On the other side of the trees, it gets quiet after the kids have turned in for the night. I’ve had time to think about family; my immediate family and my family of origin.
“I don’t believe an accident of birth makes people sisters or brothers. It makes them siblings, gives them mutuality of parentage. Sisterhood and brotherhood is a condition people have to work at.”
“There is a friend who sticks closer than a brother.”
In our going, from here to there, we come out on the other side of difficult (putting it mildly?) relationships, and step into healthy relationships. Seasons of relational isolation may still come, that wrap around us like a heavy blanket; causing me to remember. Overshadowed by two older brothers, tolerated and managed by my parents, I was (am?) the “Black Sheep”. Over the years, there have been attempts to recapture those elusive years. We cannot always go back to repair the gaps that leave us with longings for significance and community.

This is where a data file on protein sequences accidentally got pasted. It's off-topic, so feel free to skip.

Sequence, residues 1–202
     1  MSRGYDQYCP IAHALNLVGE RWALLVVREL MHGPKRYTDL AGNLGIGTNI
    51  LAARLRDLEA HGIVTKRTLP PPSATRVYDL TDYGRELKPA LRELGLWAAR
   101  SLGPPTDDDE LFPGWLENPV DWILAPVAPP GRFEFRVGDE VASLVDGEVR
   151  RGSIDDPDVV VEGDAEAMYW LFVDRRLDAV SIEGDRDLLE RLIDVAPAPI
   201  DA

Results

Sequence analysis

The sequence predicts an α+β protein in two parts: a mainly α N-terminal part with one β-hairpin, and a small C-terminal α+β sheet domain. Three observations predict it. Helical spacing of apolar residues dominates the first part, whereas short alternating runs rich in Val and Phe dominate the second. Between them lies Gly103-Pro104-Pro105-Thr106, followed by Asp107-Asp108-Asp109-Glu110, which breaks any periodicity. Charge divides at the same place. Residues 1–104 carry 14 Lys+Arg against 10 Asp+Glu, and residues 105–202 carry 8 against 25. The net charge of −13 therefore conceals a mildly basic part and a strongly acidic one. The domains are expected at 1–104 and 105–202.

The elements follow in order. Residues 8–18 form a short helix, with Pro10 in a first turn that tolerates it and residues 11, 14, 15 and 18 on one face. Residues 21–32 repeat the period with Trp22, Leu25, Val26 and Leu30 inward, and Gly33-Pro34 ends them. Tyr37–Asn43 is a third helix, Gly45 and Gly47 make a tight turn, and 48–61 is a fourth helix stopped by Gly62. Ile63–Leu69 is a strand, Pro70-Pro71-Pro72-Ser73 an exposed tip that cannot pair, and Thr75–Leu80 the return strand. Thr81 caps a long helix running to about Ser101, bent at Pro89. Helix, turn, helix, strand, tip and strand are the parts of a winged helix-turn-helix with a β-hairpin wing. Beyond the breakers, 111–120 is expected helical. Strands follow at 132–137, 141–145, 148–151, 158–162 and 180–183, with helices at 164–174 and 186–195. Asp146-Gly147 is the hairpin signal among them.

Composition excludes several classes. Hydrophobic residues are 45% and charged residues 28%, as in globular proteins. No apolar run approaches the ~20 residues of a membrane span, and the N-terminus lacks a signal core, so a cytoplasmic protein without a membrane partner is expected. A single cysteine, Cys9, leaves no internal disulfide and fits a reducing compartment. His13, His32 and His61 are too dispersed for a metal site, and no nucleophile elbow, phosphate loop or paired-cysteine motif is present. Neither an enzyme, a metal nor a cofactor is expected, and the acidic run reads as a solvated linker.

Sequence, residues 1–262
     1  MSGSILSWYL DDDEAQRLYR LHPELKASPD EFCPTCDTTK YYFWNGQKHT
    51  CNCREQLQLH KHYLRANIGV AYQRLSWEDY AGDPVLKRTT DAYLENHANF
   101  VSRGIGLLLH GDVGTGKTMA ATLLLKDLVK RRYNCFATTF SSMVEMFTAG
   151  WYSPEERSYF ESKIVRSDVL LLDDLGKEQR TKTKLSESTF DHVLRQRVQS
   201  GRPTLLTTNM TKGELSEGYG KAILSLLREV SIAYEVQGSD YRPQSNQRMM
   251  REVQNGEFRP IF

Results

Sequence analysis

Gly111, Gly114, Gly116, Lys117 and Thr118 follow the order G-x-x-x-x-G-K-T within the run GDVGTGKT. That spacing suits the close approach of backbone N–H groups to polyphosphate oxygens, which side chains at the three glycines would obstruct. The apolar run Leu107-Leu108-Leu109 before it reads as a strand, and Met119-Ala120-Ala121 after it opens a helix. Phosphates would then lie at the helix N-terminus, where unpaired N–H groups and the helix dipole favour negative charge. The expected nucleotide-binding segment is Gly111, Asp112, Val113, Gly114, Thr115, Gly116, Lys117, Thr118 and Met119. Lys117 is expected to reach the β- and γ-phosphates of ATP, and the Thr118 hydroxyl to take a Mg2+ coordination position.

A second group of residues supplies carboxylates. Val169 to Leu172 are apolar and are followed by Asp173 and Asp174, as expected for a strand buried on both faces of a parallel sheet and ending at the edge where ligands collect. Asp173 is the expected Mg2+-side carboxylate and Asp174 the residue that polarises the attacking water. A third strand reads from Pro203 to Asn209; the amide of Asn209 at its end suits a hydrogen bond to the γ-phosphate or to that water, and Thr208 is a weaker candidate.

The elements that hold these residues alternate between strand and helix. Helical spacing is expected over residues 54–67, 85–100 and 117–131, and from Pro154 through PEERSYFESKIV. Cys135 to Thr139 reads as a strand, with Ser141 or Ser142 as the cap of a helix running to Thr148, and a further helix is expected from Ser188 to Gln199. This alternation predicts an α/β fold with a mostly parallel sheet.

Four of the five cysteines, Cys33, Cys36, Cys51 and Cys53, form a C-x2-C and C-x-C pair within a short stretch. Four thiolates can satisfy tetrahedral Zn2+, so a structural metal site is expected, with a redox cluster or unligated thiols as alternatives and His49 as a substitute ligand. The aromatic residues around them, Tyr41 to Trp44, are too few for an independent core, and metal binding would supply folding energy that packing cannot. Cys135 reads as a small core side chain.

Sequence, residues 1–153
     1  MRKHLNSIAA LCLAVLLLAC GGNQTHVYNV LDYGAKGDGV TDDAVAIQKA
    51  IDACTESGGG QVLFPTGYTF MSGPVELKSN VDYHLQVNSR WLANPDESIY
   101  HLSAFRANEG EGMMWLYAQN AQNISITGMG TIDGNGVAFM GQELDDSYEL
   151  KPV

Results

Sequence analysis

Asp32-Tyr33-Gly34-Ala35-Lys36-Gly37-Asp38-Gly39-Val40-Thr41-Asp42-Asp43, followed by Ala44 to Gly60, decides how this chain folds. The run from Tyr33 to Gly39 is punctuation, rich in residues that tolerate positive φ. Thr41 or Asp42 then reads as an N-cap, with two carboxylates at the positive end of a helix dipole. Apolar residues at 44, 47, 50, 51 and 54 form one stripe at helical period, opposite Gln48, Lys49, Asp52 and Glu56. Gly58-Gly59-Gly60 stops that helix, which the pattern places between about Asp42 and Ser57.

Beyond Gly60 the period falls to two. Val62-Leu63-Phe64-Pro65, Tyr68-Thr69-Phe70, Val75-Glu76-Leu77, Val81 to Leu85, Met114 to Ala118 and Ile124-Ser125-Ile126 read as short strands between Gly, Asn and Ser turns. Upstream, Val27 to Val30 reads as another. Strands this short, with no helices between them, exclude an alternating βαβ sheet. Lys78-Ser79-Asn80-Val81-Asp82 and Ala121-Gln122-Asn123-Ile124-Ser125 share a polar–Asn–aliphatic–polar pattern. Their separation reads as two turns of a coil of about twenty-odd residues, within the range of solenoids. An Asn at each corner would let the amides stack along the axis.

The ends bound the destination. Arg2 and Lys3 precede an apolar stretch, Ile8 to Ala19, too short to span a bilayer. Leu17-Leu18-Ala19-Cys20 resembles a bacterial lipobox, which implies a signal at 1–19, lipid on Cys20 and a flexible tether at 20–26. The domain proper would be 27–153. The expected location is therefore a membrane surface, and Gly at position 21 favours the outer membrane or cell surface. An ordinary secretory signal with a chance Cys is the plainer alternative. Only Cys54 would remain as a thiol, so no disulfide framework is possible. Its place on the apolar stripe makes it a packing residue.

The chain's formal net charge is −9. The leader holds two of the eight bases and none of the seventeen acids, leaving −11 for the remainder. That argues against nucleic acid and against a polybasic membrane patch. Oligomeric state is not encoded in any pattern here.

Samuel Osherson’s book, “Finding Our Fathers”, provided some healing in the midst of grieving the loss of my father. Osherson wrote (paraphrased): “Some sons go through their lives searching for love and acceptance from their fathers … perpetually elusive. Men hope to find it in their work, relationships, or other areas … unable to find what they are looking for.” We must get past the losses; we must move on; embrace our significance that is within us.
Healing happens because of safe, powerful, beautiful, relationships: new brothers, new sisters, older individuals who, for a season, pour into my weathered soul. There is pain and betrayal; there are unsafe people. Thus, the risks we take. We are seasoned by both the good and the bad. Foggy mornings and moonless, starless, nights still happen, where relational isolation howls. We endure, with strength and faith; the fog will lift; the nights will not always be so dark. Authentic brothers, sisters, mothers, fathers, play a profound role in our voyage.